Round goby effects on growth and survivorship of young-of-the-year smallmouth bass.
Winslow, Christopher*,1, Miner, Jeffrey1, Wiegmann, Daniel1, 1 Bowling Green State University, Bowling Green, OH
ABSTRACT- In fishes, body size can vary by five orders of magnitude with concomitant ontogentic niche and habitat shifts that can complicate predictions of invading species effects on indigenous organisms. One of the highly successfully invading species to the Great Lakes is the Ponto-Caspian round goby (Neogobious melanstomus, RG), now occupying most of the cobble littoral in the southern Great Lakes. Although benthic molluscivore specialist, this species has been shown to have both negative (egg-predator) and positive (as prey) effects of various life stages of smallmouth bass (Micropterus dolomieui, SMB), an species that uses this same habitat throughout its ontogeny. Given the life stage requirements of young-of-the-year smallmouth bass, we predicted that this could be a bottleneck life stage in which round gobies could have a strong negative effect via direct competition for space and prey resources and a indirect effect on predation risk via behavioral exclusion from refuges. To quantify effects on growth of young SMB we conducted a mesocosm experiment with varying densities of young SMB and RG. Additonally, alaboratory behavior experiment was designed to determine if RG exclude young SMB from potential refuge through aggressive interactions. This second experiment specifically examined habitat use and possible alterations to SMB behavior - can eviction from refugia increase exposure to predators? Both experiments included measures of intraspecific competition among SMB and interspecific competition between SMB and RG. Results suggest that intraspecific and interspecific competition for growth are significant (ANOVA; P<0.0001 - Bonferroni; P<0.05 versus with no competitors) and similar in magnitude; however, because RG are found at much higher density (up to 15 RG.m-2) than SMB conspecifics, negative RG effects on this lifestage of SMB appear substantial . Additionally, behavioral modifications and analysis of diet suggest that competitive interference rather than exploitative mechanisms is the primary operating mechanism for this interaction.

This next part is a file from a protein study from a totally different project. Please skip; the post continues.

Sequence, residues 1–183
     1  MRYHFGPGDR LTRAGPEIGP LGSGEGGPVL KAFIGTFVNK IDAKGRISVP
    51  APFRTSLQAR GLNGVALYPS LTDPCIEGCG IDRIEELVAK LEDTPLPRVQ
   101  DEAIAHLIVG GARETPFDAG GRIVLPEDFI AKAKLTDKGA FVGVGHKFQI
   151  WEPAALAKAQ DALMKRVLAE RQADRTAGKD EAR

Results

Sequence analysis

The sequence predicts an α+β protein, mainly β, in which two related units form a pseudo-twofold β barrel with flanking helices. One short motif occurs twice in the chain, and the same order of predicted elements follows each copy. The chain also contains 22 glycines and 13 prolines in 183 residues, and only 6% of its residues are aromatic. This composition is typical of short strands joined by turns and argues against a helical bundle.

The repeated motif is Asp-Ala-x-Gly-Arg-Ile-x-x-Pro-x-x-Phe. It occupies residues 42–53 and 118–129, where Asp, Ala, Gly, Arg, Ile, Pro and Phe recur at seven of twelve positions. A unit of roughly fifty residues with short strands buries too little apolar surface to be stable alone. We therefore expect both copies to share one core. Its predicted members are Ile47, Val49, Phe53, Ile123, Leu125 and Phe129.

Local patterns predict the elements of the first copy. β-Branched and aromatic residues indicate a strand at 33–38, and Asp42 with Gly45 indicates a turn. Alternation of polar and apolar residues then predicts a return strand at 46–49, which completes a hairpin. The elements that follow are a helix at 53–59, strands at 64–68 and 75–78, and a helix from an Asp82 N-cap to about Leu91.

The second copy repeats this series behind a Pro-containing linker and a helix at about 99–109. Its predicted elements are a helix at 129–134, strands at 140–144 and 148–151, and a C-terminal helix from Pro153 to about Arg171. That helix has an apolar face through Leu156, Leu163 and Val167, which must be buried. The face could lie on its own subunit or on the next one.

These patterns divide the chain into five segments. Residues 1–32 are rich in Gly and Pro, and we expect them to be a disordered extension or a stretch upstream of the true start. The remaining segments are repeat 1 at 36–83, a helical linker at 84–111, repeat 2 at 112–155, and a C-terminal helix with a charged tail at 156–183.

Key words: invasives, competition, Lake Erie
All materials copyright The Ecological Society of America (ESA), and may not be used without written permission.